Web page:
Led Zeppelin

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British blues/rock band, originally formed by guitarist Jimmy Page (as the New Yardbirds) in order to fulfil some gigs booked before the break up of the original Yardbirds. After those concerts the name was changed to Led Zeppelin after Keith Moon, drummer with The Who, suggested they would "go down like a lead balloon". Shortly after this first tour the group's first album was released. Its combination of blues and rock influences with distorted amplification makes it one of the pivotal records in the evolution of heavy metal music and kick-started the band's career, especially in the United States, which they would frequently tour. The second record was more of the same, including the bludgeoning riff of "Whole Lotta Love", which, driven by the rhythm section of Bonham and Jones, practically defined their sound at the time.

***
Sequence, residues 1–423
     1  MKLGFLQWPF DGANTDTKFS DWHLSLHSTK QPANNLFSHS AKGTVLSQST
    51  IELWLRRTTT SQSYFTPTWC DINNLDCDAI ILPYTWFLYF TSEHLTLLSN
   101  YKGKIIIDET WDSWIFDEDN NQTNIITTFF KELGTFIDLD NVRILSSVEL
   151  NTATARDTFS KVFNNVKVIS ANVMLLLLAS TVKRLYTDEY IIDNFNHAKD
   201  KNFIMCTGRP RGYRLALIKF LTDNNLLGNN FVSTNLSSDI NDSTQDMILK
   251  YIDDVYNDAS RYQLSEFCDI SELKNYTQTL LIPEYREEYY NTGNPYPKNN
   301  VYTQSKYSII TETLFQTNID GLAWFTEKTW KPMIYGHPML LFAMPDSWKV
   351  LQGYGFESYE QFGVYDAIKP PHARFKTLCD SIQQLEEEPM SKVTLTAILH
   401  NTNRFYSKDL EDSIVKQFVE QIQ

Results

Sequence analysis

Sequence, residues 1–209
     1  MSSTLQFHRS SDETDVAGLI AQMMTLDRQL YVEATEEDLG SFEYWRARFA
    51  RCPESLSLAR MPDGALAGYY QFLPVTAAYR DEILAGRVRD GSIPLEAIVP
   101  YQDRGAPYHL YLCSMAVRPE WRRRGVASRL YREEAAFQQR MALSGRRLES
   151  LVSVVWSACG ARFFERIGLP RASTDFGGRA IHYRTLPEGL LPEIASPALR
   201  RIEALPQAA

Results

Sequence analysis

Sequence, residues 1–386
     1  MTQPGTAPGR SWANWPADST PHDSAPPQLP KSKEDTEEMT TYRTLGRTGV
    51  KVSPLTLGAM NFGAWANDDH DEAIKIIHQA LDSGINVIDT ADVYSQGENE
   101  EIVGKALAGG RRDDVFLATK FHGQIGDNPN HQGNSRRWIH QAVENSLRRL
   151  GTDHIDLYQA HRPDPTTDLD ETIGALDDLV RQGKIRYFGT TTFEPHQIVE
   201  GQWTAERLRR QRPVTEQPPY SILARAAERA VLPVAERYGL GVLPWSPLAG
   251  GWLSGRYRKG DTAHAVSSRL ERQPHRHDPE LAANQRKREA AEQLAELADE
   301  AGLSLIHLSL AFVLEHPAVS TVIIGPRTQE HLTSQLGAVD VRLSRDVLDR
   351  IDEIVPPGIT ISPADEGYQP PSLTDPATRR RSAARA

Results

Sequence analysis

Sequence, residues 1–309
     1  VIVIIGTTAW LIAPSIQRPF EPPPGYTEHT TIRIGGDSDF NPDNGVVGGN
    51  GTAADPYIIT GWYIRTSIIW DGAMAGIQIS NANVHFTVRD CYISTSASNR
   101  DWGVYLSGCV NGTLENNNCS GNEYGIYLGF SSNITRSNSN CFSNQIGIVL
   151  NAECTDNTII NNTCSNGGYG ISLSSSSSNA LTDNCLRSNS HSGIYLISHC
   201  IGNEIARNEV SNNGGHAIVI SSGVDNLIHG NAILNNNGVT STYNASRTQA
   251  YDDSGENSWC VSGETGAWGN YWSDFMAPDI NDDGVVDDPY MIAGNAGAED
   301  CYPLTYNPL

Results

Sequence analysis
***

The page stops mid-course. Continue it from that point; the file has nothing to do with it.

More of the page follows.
For the third record however, the band retired to "Bron-Y-Aur", a remote house in Wales without electricity. This would result in a sound on the imaginatively titled "Led Zeppelin III" which was strongly influenced by folk music, and reveal a different side of guitarist Page's prodigious talent. The band's two sides were fused on the fourth untitled album, which is usually called either "IV" or "Four Symbols" or "ZOSO". The record included the hard rock of "Black Dog", Tolkienesque folksy mysticism on "The Battle of Evermore" and the lengthy "Stairway to Heaven", a combination of the two and a massive FM radio hit.

Their next two studio records featured further experimentation, in terms of longer songs and use of synthesisers, string sections arranged by Jones, and various forms of world music on tracks such as "D'Yer Mak'er" and "Kashmir". By the release of "Presence" and "In Through the Out Door" the band seemed slightly bereft of ideas. Shortly after the latter's 1980 release drummer Bonham died, having choked on his own vomit following a lengthy alcohol binge.